It's Best To Assume Inclusivity

It’s Best To Accept Inclusivity-An Edit To My Former Opinion

"there is no harm in actively using and participating in gender neutral or gender inclusive language - it can only help people."

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In the past few days, I've gotten a lot of backlash for my gender neutrality article - and rightly so. As the author of that article, I apologize if I made you feel invalidated, uncomfortable, or angry. It was a poorly written, uninformed opinion. It was my opinion in its most undeveloped and empty form, and in the past few days, I've bolstered it with factual information and diverse perspective.

I do not support transphobia or hate of any kind in the LGBTQ+ community, or any community for that matter. I never meant for what I wrote to be transphobic or disrespectful in any way, and I certainly did not intend to cause harm or rally up transphobic people. But only after my article was read by the people that it was actually referring to was I able to see that my words could be twisted into hate speech. My uninformed outsider opinion did not convey what I was trying to say without also expressing entitlement and bigotry. What I was trying to say was nothing close to what it was interpreted as. I did not want to cause or spread harm, and for that, I apologize to anybody hurt by my words. SDSU is actually "among the best schools in the nation for LGBTQ students"(collegechoice.net), and I am so embarrassed to have taken that away from people. I would never want anybody to feel unsafe while on campus and I sincerely apologize if my article did just that.

I have always internalized the idea of inclusivity and being respectful to everybody, but thinking that it's best not to offend people with gender neutral or gender inclusive words completely unravels that internalization. I originally thought that it would be similar to misgendering someone by using they/them instead of using the pronoun that most people can fairly assume based off of physical looks and behavior. But, there is no harm in actively using and participating in gender neutral or gender inclusive language - it can only help people. It creates a safe space and lets the other person know that whichever pronouns they prefer that they will be respected and utilized. It doesn't hurt anybody to be inclusive. I have empathy for those who are misgendered and mistreated every day. I believe in treating everybody with the respect and inclusion that they deserve.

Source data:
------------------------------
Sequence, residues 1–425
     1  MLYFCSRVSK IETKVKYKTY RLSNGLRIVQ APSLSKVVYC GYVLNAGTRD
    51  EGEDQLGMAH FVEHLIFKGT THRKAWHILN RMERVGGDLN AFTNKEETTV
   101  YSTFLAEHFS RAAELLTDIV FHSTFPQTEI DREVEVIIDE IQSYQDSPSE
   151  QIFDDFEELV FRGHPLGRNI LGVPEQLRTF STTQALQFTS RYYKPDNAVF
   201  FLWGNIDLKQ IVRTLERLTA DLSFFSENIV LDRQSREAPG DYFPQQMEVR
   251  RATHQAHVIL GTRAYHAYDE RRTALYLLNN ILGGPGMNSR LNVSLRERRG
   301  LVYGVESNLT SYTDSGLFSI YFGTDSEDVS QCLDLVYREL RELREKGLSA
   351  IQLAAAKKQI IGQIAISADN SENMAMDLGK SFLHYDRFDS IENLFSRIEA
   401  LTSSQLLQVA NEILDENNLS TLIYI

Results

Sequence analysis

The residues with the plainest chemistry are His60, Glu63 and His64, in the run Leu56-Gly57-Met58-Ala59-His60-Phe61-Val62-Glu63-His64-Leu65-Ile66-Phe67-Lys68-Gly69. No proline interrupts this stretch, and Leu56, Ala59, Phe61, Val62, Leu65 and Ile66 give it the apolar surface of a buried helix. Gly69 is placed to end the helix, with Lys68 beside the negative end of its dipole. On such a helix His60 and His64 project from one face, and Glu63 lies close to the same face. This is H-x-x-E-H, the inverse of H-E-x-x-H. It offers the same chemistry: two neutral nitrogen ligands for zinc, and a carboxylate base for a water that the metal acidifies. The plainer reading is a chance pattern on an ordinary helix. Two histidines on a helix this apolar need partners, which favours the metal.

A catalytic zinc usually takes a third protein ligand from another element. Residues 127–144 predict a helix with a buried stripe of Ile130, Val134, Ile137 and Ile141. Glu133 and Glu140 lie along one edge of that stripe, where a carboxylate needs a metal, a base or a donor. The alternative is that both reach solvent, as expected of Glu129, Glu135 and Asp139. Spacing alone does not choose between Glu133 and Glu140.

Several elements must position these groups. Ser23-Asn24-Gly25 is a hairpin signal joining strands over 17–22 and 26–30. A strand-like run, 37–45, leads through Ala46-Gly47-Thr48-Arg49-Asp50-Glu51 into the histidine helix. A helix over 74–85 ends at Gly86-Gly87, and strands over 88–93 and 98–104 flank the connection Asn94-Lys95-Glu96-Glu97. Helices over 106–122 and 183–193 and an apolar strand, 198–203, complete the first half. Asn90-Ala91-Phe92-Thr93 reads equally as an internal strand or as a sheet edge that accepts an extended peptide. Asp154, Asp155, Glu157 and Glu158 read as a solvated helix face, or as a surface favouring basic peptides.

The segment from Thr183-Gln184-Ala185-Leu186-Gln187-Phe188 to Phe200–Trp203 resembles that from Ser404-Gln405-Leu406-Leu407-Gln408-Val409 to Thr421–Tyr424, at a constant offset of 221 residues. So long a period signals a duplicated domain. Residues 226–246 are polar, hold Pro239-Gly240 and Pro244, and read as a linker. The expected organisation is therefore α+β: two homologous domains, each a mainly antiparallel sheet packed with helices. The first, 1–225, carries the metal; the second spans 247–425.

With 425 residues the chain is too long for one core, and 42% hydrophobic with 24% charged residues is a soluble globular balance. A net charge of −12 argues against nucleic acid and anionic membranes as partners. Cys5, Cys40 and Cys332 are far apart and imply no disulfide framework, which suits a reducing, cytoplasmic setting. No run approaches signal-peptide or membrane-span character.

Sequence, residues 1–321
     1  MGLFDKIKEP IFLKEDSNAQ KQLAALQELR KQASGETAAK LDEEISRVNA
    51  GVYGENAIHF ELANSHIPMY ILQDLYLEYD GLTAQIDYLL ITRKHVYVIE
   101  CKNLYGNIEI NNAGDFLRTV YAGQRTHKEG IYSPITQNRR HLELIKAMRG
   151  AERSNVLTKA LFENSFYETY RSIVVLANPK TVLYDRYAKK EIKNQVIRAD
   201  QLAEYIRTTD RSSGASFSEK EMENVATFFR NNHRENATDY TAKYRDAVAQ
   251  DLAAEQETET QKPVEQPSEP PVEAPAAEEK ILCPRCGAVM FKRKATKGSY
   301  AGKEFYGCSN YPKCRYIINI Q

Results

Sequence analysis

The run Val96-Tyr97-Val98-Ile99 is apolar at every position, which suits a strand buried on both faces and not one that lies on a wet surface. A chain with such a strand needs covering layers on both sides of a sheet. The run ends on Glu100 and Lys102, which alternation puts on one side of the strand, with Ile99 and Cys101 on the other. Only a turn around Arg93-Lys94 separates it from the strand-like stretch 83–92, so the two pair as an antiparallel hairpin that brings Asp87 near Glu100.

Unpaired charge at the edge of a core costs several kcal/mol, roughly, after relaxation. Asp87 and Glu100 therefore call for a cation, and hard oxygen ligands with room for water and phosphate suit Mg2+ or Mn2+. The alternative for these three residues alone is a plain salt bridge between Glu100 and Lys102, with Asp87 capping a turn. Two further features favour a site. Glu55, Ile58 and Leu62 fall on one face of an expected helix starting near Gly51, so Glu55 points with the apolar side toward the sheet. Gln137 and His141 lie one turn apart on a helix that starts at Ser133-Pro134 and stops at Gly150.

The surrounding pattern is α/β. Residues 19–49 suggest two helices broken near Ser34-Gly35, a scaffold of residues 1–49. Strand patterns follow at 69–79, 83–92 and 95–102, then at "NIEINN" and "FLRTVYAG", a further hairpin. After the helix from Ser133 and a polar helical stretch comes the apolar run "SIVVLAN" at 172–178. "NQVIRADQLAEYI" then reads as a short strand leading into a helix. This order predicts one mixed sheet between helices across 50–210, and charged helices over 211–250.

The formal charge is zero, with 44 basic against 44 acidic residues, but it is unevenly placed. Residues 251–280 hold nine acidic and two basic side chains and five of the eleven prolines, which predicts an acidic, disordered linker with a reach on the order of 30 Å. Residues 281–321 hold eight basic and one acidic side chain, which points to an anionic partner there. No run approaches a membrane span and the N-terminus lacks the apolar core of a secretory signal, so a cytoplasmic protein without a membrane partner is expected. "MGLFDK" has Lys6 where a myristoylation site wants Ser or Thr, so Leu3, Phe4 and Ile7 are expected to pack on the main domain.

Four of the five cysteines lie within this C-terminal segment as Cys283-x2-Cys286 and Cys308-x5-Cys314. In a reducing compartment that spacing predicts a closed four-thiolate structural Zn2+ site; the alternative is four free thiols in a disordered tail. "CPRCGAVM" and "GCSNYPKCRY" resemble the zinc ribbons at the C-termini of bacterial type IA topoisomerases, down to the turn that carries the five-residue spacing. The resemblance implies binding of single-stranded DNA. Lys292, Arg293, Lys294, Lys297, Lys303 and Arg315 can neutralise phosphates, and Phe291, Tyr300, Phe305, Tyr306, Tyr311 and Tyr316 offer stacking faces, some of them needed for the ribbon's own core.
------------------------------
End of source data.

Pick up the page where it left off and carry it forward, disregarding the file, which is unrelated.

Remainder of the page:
If you yourself want to continue considering yourself "open-minded" and "supportive of everybody", I suggest you heed these two pieces of advice:

1. You should aim to have meaningful interaction with the group of people that you claim you are supportive of. I have always considered myself supportive of anyone's choice to identify as whatever/whomever they want. I am happy to use the terms and pronouns that you prefer, and I would never think lesser of someone based on their identity. But after the backlash started and I had people calling me transphobic left and right, I had to step back and consider what it really meant to be an ally of this community.

Clearly, these people did not see me as an ally, they saw me as another bigot causing harm. Someone pointed out to me that in order to really be an ally of this community, you need to constantly take the time and energy to be gender inclusive and/or gender neutral. Simply not being against the community is not enough. We, as allies, need to be actively supportive and inclusive. I am not close to anybody who considers themselves part of this community. But I'm glad that I took the time to have a conversation with some of these people over the Internet. At first, most people just called me trash and transphobic and wanted to hate on me. But after they saw that I was reaching out to them not only to apologize but also to learn from them, some of them took the time to be helpful and educate me.

2. Unless you can be absolutely sure you've done your research, it probably isn't a good idea to express opinions on groups that you are not part of. I get annoyed when I see opinions published by Chinese people about Chinese topics and I myself am Chinese. So, I can't imagine how angry these people must have felt to see me expressing ill opinions about their community. And even if you have done your research, tread lightly. There's always going to be someone somewhere upset with something you've said. But at least you will be informed and learned about the opinions that you are expressing.

For more content, check out my up and coming lifestyle/travel blog: A Living Purpose :)